Collecting evidence is paramount to proving anything that could be use to force a legal action against the youths and if you did install CCTV or had a visible camera, even if this does not act as a deterrent, it will help you to catch evidence of potential vandalism or abuse that you can then take the Police. A cheaper alternative is keeping a diary or log of events which means when you come to report it there can be no dispute over facts of the case.

It could be that you can consider taking out an injunction against individuals to stop them coming near your property but I would seek legal advice about the implications of doing such a thing as it could cause neighbourhood disputes that escalate.

As a simple method of preserving your garden and a cheeky trick (depending upon the layout of your garden), have sprinklers positioned where the youths sit but hidden and switch them on when they arrive to get rid of them. If it provokes any kind of reaction then this will be purely criminal and could be pursued through the courts.

I would always recommend keeping things amicable and looking at all of your options but going to your council first is usually a good way of getting the problem noticed and they have more power than the police at preventing the behaviour from occurring as they are local authority and may own the houses that their parents live in.

Before you take any action, if you are not sure of where you stand legally, please get some advice (free) from your local citizen's advice bureau to protect yourself.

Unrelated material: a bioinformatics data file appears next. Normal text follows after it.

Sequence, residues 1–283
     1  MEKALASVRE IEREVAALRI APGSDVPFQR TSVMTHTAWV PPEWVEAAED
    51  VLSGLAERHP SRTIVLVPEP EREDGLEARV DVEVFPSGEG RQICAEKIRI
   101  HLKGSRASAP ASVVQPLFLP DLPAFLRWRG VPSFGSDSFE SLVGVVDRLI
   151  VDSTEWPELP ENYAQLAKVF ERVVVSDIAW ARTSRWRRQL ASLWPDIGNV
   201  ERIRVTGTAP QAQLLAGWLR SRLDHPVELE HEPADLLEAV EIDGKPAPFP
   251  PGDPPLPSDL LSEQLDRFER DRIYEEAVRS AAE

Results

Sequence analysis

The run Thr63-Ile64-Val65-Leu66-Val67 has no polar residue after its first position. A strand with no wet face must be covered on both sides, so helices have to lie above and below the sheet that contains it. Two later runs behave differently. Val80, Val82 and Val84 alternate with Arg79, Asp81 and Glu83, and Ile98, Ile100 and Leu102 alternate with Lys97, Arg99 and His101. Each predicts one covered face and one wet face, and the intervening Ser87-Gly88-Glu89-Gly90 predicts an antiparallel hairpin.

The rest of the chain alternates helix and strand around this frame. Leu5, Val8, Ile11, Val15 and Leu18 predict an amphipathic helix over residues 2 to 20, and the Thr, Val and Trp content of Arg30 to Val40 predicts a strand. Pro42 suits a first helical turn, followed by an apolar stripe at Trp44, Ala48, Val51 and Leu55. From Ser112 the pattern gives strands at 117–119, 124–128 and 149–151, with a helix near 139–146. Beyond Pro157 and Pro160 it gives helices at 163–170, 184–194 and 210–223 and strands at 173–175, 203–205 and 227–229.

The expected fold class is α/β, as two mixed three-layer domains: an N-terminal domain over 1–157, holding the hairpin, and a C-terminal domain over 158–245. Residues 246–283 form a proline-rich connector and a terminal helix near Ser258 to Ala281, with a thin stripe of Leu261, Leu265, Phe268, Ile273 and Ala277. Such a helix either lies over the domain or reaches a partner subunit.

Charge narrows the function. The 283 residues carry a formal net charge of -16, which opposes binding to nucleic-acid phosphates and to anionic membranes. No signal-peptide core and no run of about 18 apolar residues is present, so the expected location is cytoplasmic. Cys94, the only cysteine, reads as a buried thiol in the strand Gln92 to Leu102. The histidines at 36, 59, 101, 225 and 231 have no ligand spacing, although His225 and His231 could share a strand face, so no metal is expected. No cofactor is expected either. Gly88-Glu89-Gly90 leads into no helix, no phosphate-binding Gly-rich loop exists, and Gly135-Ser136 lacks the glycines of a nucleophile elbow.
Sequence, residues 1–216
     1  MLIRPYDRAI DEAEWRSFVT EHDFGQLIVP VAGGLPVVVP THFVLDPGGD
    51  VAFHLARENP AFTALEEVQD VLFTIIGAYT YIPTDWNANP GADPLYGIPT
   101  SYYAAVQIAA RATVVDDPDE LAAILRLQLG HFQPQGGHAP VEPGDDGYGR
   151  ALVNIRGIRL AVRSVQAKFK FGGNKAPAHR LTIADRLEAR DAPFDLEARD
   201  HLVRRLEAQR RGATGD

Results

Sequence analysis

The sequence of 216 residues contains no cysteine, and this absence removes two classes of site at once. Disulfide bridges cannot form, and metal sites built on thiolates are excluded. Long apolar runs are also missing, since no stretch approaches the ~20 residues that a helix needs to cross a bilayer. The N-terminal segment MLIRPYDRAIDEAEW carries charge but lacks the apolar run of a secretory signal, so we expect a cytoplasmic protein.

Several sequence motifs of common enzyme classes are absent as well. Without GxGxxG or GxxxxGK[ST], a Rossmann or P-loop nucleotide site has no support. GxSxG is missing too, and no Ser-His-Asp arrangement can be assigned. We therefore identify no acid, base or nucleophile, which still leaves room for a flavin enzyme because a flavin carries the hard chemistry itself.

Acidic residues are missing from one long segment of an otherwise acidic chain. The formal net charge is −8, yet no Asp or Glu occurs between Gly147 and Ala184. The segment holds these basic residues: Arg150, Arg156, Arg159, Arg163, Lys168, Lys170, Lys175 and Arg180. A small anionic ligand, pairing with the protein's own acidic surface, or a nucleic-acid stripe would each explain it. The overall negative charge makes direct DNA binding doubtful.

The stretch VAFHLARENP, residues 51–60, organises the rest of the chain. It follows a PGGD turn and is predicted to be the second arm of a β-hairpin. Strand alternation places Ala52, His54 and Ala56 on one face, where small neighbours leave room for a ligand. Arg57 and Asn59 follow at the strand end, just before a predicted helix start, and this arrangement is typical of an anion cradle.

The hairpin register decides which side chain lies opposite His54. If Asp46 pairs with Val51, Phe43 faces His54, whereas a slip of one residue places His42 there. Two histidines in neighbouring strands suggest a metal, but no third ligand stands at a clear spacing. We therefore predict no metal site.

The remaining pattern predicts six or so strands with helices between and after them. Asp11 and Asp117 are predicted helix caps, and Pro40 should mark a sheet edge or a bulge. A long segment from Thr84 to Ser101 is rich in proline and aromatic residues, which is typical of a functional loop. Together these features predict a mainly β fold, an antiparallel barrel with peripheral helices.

I hope that helps.  

Teenage Problems

All Answers

Answers by Expert:

Ask Experts


Daryl Taylor, BSc (Hons) Psychology, PGDip (pending certification)


My expertise covers everything and anything to do with growing up, being a teenager or a young adult or being the parent of one of the pre-described. I can cover issues on identity, sexuality, love, relationships, families, drug/alcohol abuse and anything and everything in between.


I have volunteered for for over ten years now, but even before that I was trying to use my experience to help others by working with, and even Lycos and Ask Jeeves. My experience comes from being a teenager primarily but this lead me to work with young people from the age of 13. I have worked front line, face to face and over the telephone, e-mail and webchat for a government department called Connexions UK (aimed at young people aged 13-19); as well as being student counselor in New York, a Peer Mentor, a student teacher and working for my school, college and University to help raise the aspirations of young people. My life has not been easy and I have been through my fair share of issues; so there is little that I haven't been through in reality opposed to just reading it from a book or from my academic studies. I have been featured as a case study as achieving through adversity for a number of magazines and I have featured in a couple of books on both sides of the Atlantic; even though I am UK based.

The Albert Kennedy Trust

Relationships: Cathy Senker, 2012, Raintree The Dean and Chapter Positive Nation GTEN Television Aim Higher

BSc(Hons) Psychology Post Graduate Diploma in Multidisciplinary Design Innovation Basic Counselling Skills Effective Listening Skills Mental Health First Aid

Awards and Honors
Outstanding Student achievement Adult learner's Award

Past/Present Clients Connexions Direct

©2016 All rights reserved.